a pretty good indication that we are pretty close to the end.

QUESTION: Two questions. One, do you have any plans to have any direct dialogue

with North Korea on missile defense? And secondly, what do you expect, or what would the U.S. want to see Korea's final position be on missile defense?

DEPUTY SECRETARY ARMITAGE: Well, let me answer the second part first. We've talked about a strategic framework of which missile defense is just an element. I think some of the elements will have a great deal of attraction to our friends here in Seoul, such as nonproliferation and counter proliferation and, certainly, the willingness of our President to lower our nuclear arsenal, unilaterally if necessary. The question of missile defense I was fortunate enough to have the time to explain. This is not an umbrella or shield, which makes the world 100 percent safe from missiles. But it is a system, which will be able to protect ourselves and our allies from a handful of missiles and, therefore, greatly increase the difficulty for any potential enemy in an attack on us. I think that at present we hope that the government of the Republic of Korea understands the new situation in the world. And I believe they do, but I'll leave our friends here in government to characterize their own views. And I made it clear that this was the beginning of the process and I don't want to prejudice the outcome.

On the question of whether we'll have missile talks, about missile defense, with North Korea, right now we're not talking with them about anything. But I suspect in the near future we will. And we're glad to talk about missile defense or any other element with any interested party.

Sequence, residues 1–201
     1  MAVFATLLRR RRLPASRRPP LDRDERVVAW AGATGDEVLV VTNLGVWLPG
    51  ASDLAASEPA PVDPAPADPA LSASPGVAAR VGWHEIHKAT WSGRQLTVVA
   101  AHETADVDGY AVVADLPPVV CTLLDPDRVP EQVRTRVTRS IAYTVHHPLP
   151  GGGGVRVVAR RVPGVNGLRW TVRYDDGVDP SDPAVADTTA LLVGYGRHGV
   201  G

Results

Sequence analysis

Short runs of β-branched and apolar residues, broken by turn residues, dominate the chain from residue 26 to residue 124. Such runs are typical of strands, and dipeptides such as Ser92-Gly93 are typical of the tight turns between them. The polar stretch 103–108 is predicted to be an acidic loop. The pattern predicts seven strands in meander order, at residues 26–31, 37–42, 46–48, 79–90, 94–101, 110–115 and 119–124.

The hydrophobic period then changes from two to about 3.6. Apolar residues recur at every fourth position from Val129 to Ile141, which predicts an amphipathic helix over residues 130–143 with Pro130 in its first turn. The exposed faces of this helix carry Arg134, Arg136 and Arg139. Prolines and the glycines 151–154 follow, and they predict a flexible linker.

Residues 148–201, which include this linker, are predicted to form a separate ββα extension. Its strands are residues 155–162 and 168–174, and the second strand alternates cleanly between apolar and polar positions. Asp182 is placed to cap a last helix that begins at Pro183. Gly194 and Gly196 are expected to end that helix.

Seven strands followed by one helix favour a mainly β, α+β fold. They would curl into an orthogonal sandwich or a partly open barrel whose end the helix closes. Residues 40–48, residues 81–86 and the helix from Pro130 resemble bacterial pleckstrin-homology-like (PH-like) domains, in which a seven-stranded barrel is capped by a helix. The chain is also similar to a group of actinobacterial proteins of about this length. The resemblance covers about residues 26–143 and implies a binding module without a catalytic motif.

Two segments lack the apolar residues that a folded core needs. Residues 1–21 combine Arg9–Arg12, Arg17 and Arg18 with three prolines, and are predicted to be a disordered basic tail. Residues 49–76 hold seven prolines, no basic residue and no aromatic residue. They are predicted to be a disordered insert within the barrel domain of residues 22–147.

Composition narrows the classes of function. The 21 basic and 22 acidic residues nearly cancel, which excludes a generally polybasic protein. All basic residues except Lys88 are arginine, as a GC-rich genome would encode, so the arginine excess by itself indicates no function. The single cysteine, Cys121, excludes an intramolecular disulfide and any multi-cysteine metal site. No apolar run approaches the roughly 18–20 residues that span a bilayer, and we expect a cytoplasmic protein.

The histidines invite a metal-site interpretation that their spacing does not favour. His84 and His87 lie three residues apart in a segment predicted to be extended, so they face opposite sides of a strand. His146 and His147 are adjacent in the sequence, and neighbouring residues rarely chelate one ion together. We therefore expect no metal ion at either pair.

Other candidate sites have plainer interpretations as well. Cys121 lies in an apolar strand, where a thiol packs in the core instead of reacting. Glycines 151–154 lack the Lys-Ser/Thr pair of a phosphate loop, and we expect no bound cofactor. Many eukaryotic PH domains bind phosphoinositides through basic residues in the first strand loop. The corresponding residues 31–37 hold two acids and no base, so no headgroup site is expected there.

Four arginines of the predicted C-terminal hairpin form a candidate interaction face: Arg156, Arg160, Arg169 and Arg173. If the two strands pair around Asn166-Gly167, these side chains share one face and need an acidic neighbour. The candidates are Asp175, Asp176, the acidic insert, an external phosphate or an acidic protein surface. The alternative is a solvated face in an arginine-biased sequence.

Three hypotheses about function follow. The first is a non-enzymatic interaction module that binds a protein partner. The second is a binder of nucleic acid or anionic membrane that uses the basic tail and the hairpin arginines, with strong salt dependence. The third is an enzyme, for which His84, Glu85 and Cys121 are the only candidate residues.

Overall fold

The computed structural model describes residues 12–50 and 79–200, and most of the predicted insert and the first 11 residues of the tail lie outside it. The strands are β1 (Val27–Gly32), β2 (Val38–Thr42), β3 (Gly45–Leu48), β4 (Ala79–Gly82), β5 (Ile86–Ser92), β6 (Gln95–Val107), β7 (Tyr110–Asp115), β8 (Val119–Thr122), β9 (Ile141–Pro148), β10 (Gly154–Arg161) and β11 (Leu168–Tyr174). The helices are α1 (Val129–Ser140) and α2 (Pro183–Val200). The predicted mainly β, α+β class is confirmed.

QUESTION: The Defense Weekly reported that in relation to the missile defense

program the United States has plans to place its Aegis near North Korea by

year 2003. Is that true? Could you confirm that for us?

DEPUTY SECRETARY ARMITAGE: I can't confirm it or not. We have Aegis cruisers in our fleet now and I'm sure they are all around the place, but what we envision ultimately in a missile defense system is a layered system of which Aegis could possibly be one element. But we haven't settled on a final architecture and I am not here to lay down an architecture for our friends in Seoul.

QUESTION: I'm from the Associated Press. You just said that you wanted to resume

talks with North Korea soon and then you said the policy review would be completed in just a few weeks. Does that mean the U.S. is willing to resume talks with North Korea right after the policy review is completed?

DEPUTY SECRETARY ARMITAGE: No, I think what we would do is, as soon as we've completed the policy review, we'd want to come talk to President Kim Dae Jung and get his views on how best to and how to approach the North on these talks. I suspect that's the way it will come out.

QUESTION: Who do you expect will be coming to North Korea after the policy review is completed to discuss with President Kim?

DEPUTY SECRETARY ARMITAGE: South Korea. The Republic of Korea. I don't know who will come. There are many ways to communicate and exchange views. So I

wouldn't want to signal that one person coming or going would necessarily be

the beginning of any particular talks. But you can be assured that our diplomats would be very busy, both yours and ours. Thank you. 

  Back to top

U.S. Department of State
USA.govU.S. Department of StateUpdates  |   Frequent Questions  |   Contact Us  |   Email this Page  |   Subject Index  |   Search
The Office of Electronic Information, Bureau of Public Affairs, manages this site as a portal for information from the U.S. State Department. External links to other Internet sites should not be construed as an endorsement of the views or privacy policies contained therein.
About state.gov  |   Privacy Notice  |   FOIA  |   Copyright Information  |   Other U.S. Government Information

Published by the U.S. Department of State Website at http://www.state.gov maintained by the Bureau of Public Affairs.